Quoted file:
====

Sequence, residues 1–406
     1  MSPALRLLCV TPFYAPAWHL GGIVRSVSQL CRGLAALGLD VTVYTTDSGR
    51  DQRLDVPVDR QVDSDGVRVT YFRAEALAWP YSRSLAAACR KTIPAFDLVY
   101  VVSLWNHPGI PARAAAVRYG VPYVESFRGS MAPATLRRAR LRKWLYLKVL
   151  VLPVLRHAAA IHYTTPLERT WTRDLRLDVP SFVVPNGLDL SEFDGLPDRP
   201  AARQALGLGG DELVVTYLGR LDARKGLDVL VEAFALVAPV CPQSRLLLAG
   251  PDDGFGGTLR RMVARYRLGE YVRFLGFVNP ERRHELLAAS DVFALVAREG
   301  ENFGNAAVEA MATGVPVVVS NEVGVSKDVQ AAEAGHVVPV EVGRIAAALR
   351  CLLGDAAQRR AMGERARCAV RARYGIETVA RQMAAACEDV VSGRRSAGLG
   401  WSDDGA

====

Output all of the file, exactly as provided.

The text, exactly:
Sequence, residues 1–406
     1  MSPALRLLCV TPFYAPAWHL GGIVRSVSQL CRGLAALGLD VTVYTTDSGR
    51  DQRLDVPVDR QVDSDGVRVT YFRAEALAWP YSRSLAAACR KTIPAFDLVY
   101  VVSLWNHPGI PARAAAVRYG VPYVESFRGS MAPATLRRAR LRKWLYLKVL
   151  VLPVLRHAAA IHYTTPLERT WTRDLRLDVP SFVVPNGLDL SEFDGLPDRP
   201  AARQALGLGG DELVVTYLGR LDARKGLDVL VEAFALVAPV CPQSRLLLAG
   251  PDDGFGGTLR RMVARYRLGE YVRFLGFVNP ERRHELLAAS DVFALVAREG
   301  ENFGNAAVEA MATGVPVVVS NEVGVSKDVQ AAEAGHVVPV EVGRIAAALR
   351  CLLGDAAQRR AMGERARCAV RARYGIETVA RQMAAACEDV VSGRRSAGLG
   401  WSDDGA